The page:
The Quebec Sovereignty Movement was probably the oddest of the shanties, even if it was only half of one. I wasn’t sure if the guy behind the desk was serious about running a proxy stand for a resistance cell, or if that was just the theme he thought up for the shanty. I questioned him about the silhouettes targets peppered with 5.56 rounds (in poor shot groupings) that were proudly displayed, and he said he had others for aiming mines at knees. It all seemed very un-Canadian, which I suppose was their point. But really, who dislikes Canada that much? It seemed to be a pretty trivial cause compared to say, the conflict raging in Palestine, were plenty of suffering people would likely jump at the chance to live in a nice place like Montreal. However, given how nice everyone had been all day, it seemed against the spirit of the event to get into a discussion like that, so I got some newspapers and moved on.

Before I left I made what ended up being my favorite stop of the day, at the Koooshh Chillyart Shanty, on the periphery away from the rest of the shanties. There wasn’t a clear theme, which perhaps explains why Ephraim and his wife didn’t get their grant approved. That was disappointing hear, because I felt they executed what they were going for quite well; their place wasn’t busy and didn’t try too hard, it was just relaxing and warm and comfortable. They were very hospitable people, and it was a nice change from shuffling and climbing around in the cold.

I probably would not have made this visit on my own if it hadn’t been for the assignment, but I ended up really enjoying meeting all of the different shanty owners and seeing how exited they were to make their projects involve the people who were visiting. I look forward to seeing what is out next next year.

Art Shanty Visit

It took me two trips out to Medicine lake to actually see the shanties. The first time it was freezing cold weather and I just looked at the shanties from far away. They almost seemed to be the community of their own. Almost like a fort out in the wilderness, surrounded by emptiness of the ice lake. The second time when I went out to the lake, I actually made it out. The weather helped, it was much warmer this time. I took my mom with me, because it was truly interesting to me to see what she would like and to see her reaction to this project. She enjoys everything odd and extra ordinary.
When we gotten out on the lake, down to the shanties, it reminded me of the game my sister and I used to play when we were little. We used to build made up towns out of found objects and place little figurines to be the citizens of the our created settlements. When my mom and I entered the Art Shanties, it felt like we were transformed into the made up towns where the houses were built of non ordinary objects and the citizens of that town were the artists. These citizens seemed to be very organic with their “houses? that they lived in. Each one of them carried the personality or the issue, or the theme that the “house? carried. The shanties that stuck with us most had actually the artists be more like their idea. For example, Imperial TransAntarctic Expedition with Molly Goldberg, Mary Rothlisberger, and Amber Phelps Bondaroff. The shanty was with the theme of the expedition of Shackleton that was stranded with the crew on the South Pole. The artist themselves really took on the part of the crew. Partly they really did look like the stranded crew at the South Pole due to a natural setting of the ice, the lake and the cold air. Another part of it was that they were all dressed in the retro clothes that gave the whole atmosphere a real feel, like you really did stumble into the living quarters. They talked about the expedition and their lived on the upside down sheep like they really did live there.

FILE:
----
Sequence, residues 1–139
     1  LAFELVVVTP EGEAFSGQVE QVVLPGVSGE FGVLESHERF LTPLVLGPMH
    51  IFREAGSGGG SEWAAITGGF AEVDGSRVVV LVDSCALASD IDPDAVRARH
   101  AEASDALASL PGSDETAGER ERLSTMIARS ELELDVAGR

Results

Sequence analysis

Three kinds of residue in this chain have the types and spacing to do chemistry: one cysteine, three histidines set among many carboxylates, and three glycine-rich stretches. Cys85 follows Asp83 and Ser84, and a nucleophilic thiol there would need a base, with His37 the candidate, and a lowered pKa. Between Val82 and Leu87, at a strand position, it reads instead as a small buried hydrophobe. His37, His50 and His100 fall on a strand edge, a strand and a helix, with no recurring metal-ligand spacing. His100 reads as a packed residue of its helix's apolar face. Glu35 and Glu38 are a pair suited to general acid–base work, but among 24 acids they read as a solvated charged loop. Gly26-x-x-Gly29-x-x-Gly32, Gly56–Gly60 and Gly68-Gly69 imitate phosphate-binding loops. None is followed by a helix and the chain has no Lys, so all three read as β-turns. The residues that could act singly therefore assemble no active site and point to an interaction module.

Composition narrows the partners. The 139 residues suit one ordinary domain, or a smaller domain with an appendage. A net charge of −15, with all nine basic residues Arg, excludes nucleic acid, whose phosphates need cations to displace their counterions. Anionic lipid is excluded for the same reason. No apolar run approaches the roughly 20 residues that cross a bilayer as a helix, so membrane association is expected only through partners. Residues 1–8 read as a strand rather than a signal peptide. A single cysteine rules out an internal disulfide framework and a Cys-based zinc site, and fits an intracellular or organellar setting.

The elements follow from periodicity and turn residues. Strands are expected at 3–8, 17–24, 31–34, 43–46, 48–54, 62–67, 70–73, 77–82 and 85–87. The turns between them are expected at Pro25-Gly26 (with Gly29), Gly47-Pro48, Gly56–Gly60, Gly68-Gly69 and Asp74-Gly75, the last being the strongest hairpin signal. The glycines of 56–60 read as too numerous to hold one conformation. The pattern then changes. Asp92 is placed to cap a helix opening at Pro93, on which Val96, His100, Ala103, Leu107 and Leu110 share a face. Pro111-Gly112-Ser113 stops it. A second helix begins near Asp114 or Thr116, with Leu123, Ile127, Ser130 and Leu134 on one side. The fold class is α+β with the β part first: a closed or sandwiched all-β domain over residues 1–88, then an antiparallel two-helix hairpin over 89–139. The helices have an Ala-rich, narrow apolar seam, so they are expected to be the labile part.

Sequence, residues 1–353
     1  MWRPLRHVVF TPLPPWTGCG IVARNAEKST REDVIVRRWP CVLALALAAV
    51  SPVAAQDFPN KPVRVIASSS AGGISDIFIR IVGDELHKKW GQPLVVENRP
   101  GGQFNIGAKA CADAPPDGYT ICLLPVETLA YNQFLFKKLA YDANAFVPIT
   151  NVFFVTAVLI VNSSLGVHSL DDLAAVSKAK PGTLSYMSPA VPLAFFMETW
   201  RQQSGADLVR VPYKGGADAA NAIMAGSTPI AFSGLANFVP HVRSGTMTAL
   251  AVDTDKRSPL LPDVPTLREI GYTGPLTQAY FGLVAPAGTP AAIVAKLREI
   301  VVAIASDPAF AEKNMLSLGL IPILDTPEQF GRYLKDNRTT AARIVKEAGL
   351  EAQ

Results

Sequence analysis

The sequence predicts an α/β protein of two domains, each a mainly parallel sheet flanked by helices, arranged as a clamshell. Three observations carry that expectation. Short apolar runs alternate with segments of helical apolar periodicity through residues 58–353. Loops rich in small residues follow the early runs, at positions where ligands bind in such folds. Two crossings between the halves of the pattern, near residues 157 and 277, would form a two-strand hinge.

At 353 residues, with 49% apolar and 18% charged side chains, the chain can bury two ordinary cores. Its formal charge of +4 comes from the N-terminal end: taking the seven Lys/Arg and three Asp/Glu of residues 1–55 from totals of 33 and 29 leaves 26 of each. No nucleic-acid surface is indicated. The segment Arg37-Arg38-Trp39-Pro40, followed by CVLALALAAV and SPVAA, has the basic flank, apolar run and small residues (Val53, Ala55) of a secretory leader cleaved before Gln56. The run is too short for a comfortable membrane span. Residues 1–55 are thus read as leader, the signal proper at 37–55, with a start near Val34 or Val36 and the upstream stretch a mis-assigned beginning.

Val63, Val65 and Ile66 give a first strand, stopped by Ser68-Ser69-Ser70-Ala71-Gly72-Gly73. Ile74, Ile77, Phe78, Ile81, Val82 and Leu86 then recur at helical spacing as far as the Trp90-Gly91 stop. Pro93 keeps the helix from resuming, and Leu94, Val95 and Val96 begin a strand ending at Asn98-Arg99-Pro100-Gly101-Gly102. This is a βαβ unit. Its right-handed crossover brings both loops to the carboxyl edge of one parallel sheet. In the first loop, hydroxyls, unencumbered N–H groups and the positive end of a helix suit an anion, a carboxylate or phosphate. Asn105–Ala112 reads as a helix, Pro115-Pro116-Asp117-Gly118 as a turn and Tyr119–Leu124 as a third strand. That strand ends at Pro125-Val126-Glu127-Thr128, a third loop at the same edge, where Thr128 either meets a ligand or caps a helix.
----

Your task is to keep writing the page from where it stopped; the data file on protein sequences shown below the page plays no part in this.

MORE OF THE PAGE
Another shanty that made the impression on us and especially my mom was The Third Level Shanty with Peter Sowinski, Lucas Koski, and Sam Koenigsberg. When we entered the shanty it did not seem much. However, when we entered it seemed like you enter into a world of its own. That feeling was mostly given by the atmosphere of the air and the light coming through the walls and the third level. However, mostly it was one of the artists himself. I believe it was Lucas. He was dressed all in white with fancy eyewear and most extravagant white boots. He gave an aura of serenity while he was sitting there with a cup of coffee, all in white, and lazily talking to the visitors.
The art shanties that we visited and the artists who represented their projects created a sort of magical unity, the world of their own. I felt like I went to visit this far away land where everyone had their own magical powers.

By Maia Pavitova

Art Shanty Projects

I visited the Art Shanties on the last day they were open, so I expected there to be a lot of people checking them out. What I didn’t expect was for almost every shanty to be completely packed! I really enjoyed the atmosphere of the shanties. There were so many strangers who were packing themselves into these tiny shanties just to experience art. That in itself was really cool. I wasn’t able to experience every shanty because of how busy they were, but the ones that I was able to check out were really cool. I loved the Confessions Shanty, the fact that it was made to look like a church absolutely delighted me. I kneeled at the “altar? and wrote out my confession, which I will now admit… I read at least four times a day. After confessing, I walked around the church and read some of the other confessions, which were great. There were some hysterical ones, which I won’t repeat here!